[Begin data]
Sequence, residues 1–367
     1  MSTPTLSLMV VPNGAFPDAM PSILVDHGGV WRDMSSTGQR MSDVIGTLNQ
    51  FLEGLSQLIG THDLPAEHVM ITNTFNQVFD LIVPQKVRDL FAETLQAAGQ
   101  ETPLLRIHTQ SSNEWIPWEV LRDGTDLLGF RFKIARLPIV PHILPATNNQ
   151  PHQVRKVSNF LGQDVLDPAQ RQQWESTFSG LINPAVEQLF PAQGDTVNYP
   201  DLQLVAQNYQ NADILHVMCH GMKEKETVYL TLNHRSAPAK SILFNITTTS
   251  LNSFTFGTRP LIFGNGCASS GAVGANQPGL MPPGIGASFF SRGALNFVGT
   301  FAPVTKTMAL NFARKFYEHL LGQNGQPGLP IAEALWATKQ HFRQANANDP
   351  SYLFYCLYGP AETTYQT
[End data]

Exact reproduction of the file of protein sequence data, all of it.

Sequence, residues 1–367
     1  MSTPTLSLMV VPNGAFPDAM PSILVDHGGV WRDMSSTGQR MSDVIGTLNQ
    51  FLEGLSQLIG THDLPAEHVM ITNTFNQVFD LIVPQKVRDL FAETLQAAGQ
   101  ETPLLRIHTQ SSNEWIPWEV LRDGTDLLGF RFKIARLPIV PHILPATNNQ
   151  PHQVRKVSNF LGQDVLDPAQ RQQWESTFSG LINPAVEQLF PAQGDTVNYP
   201  DLQLVAQNYQ NADILHVMCH GMKEKETVYL TLNHRSAPAK SILFNITTTS
   251  LNSFTFGTRP LIFGNGCASS GAVGANQPGL MPPGIGASFF SRGALNFVGT
   301  FAPVTKTMAL NFARKFYEHL LGQNGQPGLP IAEALWATKQ HFRQANANDP
   351  SYLFYCLYGP AETTYQT